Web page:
A new Emmy Noether Research Group at the Zentrum für Astronomie der Universität Heidelberg (ZAH) (Centre for Astronomy of Heidelberg University) started working on understanding how galaxies form and evolve and what physical processes are most important at different cosmic epochs and spatial scales. The new research team GALENA (Galaxy Evolution and AGN) is led by Dr Dominika Wylezalek and will especially focus on the role of actively accreting supermassive black holes (active galactic nuclei: AGN) in galaxy evolution. The German Research Foundation (DFG) has allocated 1.6 million Euros to fund the group over a period of six years. The group will also be supported by a grant from the Daimler and Benz Stiftung (40,000 EUR). Dr. Wylezaleks group will be located at ZAH’s Astronomisches Rechen-Institut (ARI).
“Physically very small objects, supermassive black holes seem to have an enormous impact on the evolution of galaxies and eventually on the way our universe looks today,” says Dominika Wylezalek. The group will be primarily utilising the power of optical and IR integral field unit observations (SDSS-MaNGA, MUSE/VLT, GMOS/Gemini, NIRSpec+MIRI/JWST) and sub-mm observations (ALMA, ARO). The group will e.g. try to find concrete evidence for black hole/galaxy self-regulation and determine the power, reach and impact of feedback processes exerted by AGN.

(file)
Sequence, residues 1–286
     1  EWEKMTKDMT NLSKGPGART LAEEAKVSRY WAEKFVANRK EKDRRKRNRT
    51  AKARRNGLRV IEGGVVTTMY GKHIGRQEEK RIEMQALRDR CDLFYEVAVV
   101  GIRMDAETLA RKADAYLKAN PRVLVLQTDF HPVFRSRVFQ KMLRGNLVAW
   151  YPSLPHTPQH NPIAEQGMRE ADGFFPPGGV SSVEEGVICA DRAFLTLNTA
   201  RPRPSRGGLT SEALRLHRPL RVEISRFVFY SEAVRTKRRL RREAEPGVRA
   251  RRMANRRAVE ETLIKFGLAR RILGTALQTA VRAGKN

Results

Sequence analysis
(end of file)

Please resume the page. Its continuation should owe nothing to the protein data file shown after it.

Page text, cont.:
Dominika Wylezalek obtained her Bachelor degree at the University of Heidelberg in 2010 and her Master in Astronomy in 2011 at the University of Cambridge (UK). After finishing her PhD in 2014 at ESO/University of Munich she worked as postdoctoral researcher at Johns Hopkins University (US) and as a research fellow at the European Southern Observatory (ESO) before she now moved back to Heidelberg. At ESO, she has been heavily involved in the commissioning of the adaptive-optics assisted narrow-field mode of the MUSE instrument. She is also the PI of the JWST Early Release Science Program “Q3D — Quasars in 3D”. Her new group members Wuji Wang and Caroline Bertemes will start their positions in the next few months.
The Emmy Noether Programme gives exceptionally qualified early career researchers the chance to qualify for the post of professor at a university by leading an independent junior research group for a period of six years. Dominika Wylezalek is the second female Emmy Noether Research Group leader at the Centre for Astronomy of Heidelberg University.
Dr Dominika Wylezalek
Zentrum für Astronomie der Universität Heidelberg (ZAH)
c/o Astronomisches Rechen-Institut (ARI)